Do we shut off the tv until they reach 2?

We don’t think anything of it. Television is such a normal part of our lives that many of us don’t think twice about leaving it on in the background. And truth be told, it can be incredibly useful – whether it’s providing entertainment for the little one and giving us a few minutes of much needed break time or the only “other” adult voice heard for most of the day – it can feel like a lifesaver.

Unfortunately, acording to Dimitri Christakis, director of the Center for Child Health, Behavior and Development at Seattle Children’s Research Institute and professor of pediatrics at the University of Washington School of Medicine, television exposure during the early years can also be associated with language delays and attention problems. So much so that the American Academy of Pediatrics is discouraging television watching before the age of two.
(Even background TV may delay infants’ speech: )
According to Christakis’ study of 329 2-month to 4-year-old children and their parents, each hour of television exposure was linked to a decrease of 770 words the child heard from an adult. There was also a decrease in child vocalizations and child-adult interactions. Of course the reality is that some of these results were directly related to children being left in front of a TV, however others reflected adults who while present were distracted by the television and not necessarily interacting with their child. And “hearing adults speak and being spoken to are critical exposures that play a role in infants development in language” according to Christakis.

On the surface, having read this article I would be very hesitant to put my child down in front of a tv…after all, there’s no way I’m going to be the reason my baby has speech delays or attention problems. The first sentence was clear: “even infants zone out in front of the television, and it turns out this translates into less time interacting with parents and possible lags in language development…” But on another read…and a second and a third, I hesitate and then I slowly rethink my position.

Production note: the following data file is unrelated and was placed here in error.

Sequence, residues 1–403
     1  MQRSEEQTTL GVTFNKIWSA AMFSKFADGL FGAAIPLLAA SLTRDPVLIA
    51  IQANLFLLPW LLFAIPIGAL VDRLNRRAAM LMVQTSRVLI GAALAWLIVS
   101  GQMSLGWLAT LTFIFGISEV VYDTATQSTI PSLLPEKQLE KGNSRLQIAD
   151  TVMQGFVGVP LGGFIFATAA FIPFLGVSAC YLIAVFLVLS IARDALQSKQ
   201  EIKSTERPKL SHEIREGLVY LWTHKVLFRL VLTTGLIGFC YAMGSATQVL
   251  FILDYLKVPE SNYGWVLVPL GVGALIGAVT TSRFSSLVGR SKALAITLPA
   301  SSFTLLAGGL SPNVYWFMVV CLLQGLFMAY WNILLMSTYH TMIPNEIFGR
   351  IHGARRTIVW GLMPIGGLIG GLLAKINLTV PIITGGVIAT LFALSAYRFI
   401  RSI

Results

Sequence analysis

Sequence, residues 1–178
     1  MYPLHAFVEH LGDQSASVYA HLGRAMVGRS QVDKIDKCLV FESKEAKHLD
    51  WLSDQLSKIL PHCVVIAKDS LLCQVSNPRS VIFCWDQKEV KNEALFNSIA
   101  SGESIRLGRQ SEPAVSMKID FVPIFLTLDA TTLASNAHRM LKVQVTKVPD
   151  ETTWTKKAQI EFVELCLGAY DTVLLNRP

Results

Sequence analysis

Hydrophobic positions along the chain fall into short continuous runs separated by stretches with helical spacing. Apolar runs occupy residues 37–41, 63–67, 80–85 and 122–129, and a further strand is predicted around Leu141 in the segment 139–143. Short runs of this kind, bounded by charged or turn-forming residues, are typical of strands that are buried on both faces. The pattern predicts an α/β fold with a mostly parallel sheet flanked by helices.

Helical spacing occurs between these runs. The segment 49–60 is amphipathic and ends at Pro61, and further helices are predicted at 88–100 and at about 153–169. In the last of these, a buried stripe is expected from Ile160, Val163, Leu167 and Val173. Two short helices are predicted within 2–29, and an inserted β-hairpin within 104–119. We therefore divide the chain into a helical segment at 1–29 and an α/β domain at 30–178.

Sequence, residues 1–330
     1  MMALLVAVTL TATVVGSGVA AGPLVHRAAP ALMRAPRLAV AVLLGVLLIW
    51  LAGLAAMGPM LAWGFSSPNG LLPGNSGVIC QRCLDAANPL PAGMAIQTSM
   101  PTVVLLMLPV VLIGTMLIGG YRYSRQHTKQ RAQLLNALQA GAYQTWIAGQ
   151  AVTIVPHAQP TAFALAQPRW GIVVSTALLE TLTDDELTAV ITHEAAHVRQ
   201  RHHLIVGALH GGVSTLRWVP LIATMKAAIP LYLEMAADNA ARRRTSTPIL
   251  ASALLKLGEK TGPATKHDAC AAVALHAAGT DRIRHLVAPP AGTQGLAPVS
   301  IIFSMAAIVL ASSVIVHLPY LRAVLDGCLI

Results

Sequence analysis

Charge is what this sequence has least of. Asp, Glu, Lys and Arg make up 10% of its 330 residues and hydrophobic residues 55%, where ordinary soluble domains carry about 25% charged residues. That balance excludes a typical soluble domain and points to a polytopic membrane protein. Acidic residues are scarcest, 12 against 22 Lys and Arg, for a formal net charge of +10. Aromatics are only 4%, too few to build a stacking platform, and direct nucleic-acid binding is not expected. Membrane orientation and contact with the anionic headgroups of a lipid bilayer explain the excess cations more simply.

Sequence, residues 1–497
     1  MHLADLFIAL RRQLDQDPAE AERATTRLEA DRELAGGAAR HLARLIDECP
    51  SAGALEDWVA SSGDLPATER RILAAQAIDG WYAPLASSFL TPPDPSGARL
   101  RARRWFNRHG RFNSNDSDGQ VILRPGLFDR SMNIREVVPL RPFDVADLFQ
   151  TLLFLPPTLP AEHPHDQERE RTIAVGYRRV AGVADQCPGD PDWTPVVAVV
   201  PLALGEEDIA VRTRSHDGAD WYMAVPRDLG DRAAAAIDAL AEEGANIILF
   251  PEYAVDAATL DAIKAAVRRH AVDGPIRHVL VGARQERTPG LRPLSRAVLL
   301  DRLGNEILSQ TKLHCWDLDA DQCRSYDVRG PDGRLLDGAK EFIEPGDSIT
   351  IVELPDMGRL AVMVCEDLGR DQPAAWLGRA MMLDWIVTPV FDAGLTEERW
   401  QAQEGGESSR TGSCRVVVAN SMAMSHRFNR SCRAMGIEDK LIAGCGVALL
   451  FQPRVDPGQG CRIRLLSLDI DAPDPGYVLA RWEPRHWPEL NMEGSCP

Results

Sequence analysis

The facts when I sit down and take a good look at them are that the study clearly states it did not measure whether or not anyone – parent or child – was actively watching the tv or if it was just in the background. And the number one stated result was that the child heard 770 words less from an adult for each hour the TV was on but it never stated how many words the adult actually spoke during that time. It points out that interaction is key for babies brain but then proceeds to recommend that children under age 2 be discouraged from watching television. Maybe it’s me but my gut says they’re missing the point.

The interaction as well as the distraction – they both start and end with us. It’s us, not the children that can’t handle the tv being on in the background. Maybe we’re the ones who need to be reminded to walk away…because if the study told us anything, it’s that it can be tough for us to tune it out…and the one thing we never ever want to do is tune them out.

Message received.

About the Author

Stefanie Zucker is President and co-founder of Pediatric Medical and Managing Director and co-founder of Axios Partners, a strategy consulting firm. After a number of years spent researching the safety issues associated with transporting children on ambulances she became a child health safety advocate and formed Pediatric Safety with a goal of creating a world-wide movement of parents and caregivers inspired to protect the health and safety of kids. Stefanie is a member of the PedSafe Team


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  1. […] children. We even discussed the two-hour limit here at Pediatric Safety in a post called “Do we Shut off the TV until they Reach 2?” As I’m sure you can imagine…we […]

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